Looking at his parents, the video of Santa Claus paused on his phone’s screen Andy replies “Well, while you and mom were both sleeping, Santa Claus actually came! I talked to him for a second and he gave me this present.” holding up his special gift. “Look I even recorded it on my phone! I’ve planned this all year and I FINALLY have proof he’s real!” Showing them the video on his screen in utter joy, an image of a man dressed in a dingy Santa Claus suit kneeling over a bag of God knows what is paused on the screen. Looking back at the mantle from where Andy had secretly placed his phone overnight, back to their excited child, they nervously grabbed the phone from Andy’s miniature hands. With a deep exhale, Andy’s parents look at each other once more before pressing play. To their horror they witness the intruder dressed as Santa Claus interacting with their curious son. Hovering over their living room table standing, staring.
Taking the opportunity of his parents’ frightening distraction, Andy begins ripping open his present, flinging torn bits of wrapping paper in the air with excitement. All that remained now was the bright golden bow holding the lid of his now black box closed. With a few quick tugs, the decadent bow manages to untie, draping itself down Andy’s hands. “This is it.” he thought, hands clutched in eager anticipation. Smiling with curious wonder, he hurls the lid of his present open only to have said smile quickly fade, the open box crashing to the floor. Alarmed by the sudden bang followed by the blood-curdling scream coming from their child, Andy’s parents drop the still playing phone in shock, gazing at the terrifying gift Santa Claus had left for him. Their cups of morning caffeine shattering across the floor accompanied by their own violent screams.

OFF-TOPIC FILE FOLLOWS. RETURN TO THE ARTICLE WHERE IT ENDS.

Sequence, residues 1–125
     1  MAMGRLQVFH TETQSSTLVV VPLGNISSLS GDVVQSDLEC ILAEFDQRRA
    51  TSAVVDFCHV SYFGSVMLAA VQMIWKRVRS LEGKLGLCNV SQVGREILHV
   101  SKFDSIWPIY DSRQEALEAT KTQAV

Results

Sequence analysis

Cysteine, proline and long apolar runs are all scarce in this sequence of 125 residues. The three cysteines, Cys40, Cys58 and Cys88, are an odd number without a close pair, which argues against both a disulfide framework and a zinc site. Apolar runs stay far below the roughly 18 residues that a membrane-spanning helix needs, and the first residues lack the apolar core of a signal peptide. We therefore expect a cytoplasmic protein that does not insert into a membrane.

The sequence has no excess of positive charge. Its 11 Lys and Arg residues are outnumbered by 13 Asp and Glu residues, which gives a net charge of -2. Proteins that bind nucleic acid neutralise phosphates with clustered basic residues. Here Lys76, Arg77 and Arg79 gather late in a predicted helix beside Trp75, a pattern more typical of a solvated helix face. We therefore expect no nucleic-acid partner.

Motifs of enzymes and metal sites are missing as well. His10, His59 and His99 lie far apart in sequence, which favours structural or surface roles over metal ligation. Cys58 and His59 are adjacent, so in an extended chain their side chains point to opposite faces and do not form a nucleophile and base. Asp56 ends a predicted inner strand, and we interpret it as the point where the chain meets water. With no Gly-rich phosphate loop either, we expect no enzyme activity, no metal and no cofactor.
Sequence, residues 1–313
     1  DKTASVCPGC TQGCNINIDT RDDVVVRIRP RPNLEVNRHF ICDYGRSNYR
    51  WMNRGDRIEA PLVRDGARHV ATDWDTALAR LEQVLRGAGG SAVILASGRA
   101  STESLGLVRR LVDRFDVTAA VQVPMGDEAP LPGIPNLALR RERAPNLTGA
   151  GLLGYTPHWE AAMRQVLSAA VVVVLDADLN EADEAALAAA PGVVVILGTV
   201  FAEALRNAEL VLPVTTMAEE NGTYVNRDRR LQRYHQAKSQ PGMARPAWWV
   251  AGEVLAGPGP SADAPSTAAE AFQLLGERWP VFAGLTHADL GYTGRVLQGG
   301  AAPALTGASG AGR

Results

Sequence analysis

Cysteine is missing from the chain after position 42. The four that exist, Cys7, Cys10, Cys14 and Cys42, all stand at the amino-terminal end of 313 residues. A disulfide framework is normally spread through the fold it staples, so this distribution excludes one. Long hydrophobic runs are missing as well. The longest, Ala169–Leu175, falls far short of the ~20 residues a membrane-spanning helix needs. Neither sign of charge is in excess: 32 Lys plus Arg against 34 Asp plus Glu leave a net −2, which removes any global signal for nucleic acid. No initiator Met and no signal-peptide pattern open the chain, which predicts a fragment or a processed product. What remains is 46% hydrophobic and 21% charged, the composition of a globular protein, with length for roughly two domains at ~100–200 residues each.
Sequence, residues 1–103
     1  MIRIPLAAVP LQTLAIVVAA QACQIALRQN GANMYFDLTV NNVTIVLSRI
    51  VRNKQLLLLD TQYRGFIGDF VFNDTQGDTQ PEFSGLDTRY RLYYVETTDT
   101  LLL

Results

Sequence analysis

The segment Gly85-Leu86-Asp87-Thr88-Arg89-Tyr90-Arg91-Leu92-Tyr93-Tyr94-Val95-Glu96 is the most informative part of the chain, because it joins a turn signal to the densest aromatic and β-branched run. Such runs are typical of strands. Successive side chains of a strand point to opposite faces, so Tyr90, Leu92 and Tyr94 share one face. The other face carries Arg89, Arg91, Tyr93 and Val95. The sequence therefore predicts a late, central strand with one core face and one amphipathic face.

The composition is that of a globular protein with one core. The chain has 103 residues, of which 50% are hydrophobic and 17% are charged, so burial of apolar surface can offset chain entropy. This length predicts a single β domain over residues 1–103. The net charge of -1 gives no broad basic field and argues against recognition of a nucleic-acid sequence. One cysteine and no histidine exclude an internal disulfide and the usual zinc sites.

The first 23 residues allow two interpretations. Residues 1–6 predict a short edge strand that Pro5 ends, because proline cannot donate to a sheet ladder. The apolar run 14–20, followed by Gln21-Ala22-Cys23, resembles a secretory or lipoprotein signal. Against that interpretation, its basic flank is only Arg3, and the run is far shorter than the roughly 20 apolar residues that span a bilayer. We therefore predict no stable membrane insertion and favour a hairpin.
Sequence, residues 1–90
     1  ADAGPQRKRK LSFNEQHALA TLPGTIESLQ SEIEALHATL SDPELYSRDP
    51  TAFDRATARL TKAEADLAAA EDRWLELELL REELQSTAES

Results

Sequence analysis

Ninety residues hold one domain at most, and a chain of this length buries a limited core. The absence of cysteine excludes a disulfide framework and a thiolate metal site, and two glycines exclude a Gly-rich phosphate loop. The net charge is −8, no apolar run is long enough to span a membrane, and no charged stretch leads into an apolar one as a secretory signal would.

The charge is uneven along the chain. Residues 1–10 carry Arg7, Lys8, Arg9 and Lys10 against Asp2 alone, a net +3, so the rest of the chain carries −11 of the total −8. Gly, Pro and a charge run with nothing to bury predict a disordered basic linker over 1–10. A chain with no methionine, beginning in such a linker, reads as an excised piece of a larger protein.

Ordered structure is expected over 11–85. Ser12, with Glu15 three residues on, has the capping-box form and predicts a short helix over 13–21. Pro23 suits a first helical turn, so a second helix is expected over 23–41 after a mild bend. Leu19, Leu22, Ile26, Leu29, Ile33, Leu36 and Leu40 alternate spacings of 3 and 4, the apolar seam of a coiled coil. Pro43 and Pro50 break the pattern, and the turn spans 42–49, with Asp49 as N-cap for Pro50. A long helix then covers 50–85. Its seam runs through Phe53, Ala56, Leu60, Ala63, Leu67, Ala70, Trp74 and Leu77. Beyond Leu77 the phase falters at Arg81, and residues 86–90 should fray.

As the festive melodies of The Jackson 5 are drowned out by the terrifying screams of Andy and his parents, the yuletide tunes cut and instead a drearier announcement plays through the speakers…
“This just in, police have located the body of a decapitated man near Fashion Place Mall just off highway 66. Authorities have yet to identify the body of the deceased but believe this to be a local Cain County resident and town’s own favorite yearly Santa Claus, Kristopher Kellum. Mr. Kellum’s wife reported her husband missing late hours in the evening last night and has yet to be found. The crime scene is currently being investigated for evidence and/or DNA to help identify the body of the deceased. Local police have yet to locate the victim’s missing head…”